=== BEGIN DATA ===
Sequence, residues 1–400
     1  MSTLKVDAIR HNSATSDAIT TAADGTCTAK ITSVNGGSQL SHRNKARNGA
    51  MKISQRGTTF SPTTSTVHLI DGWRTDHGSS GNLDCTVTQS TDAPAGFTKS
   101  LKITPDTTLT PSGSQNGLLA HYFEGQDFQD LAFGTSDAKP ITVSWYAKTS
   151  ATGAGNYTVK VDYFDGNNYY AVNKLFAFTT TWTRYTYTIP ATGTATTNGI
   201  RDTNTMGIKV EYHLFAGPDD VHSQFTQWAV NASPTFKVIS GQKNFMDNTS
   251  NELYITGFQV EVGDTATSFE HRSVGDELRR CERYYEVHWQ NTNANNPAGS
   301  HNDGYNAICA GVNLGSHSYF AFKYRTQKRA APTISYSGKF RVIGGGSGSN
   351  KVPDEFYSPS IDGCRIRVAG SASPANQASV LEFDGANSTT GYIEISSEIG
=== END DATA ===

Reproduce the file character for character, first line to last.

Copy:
Sequence, residues 1–400
     1  MSTLKVDAIR HNSATSDAIT TAADGTCTAK ITSVNGGSQL SHRNKARNGA
    51  MKISQRGTTF SPTTSTVHLI DGWRTDHGSS GNLDCTVTQS TDAPAGFTKS
   101  LKITPDTTLT PSGSQNGLLA HYFEGQDFQD LAFGTSDAKP ITVSWYAKTS
   151  ATGAGNYTVK VDYFDGNNYY AVNKLFAFTT TWTRYTYTIP ATGTATTNGI
   201  RDTNTMGIKV EYHLFAGPDD VHSQFTQWAV NASPTFKVIS GQKNFMDNTS
   251  NELYITGFQV EVGDTATSFE HRSVGDELRR CERYYEVHWQ NTNANNPAGS
   301  HNDGYNAICA GVNLGSHSYF AFKYRTQKRA APTISYSGKF RVIGGGSGSN
   351  KVPDEFYSPS IDGCRIRVAG SASPANQASV LEFDGANSTT GYIEISSEIG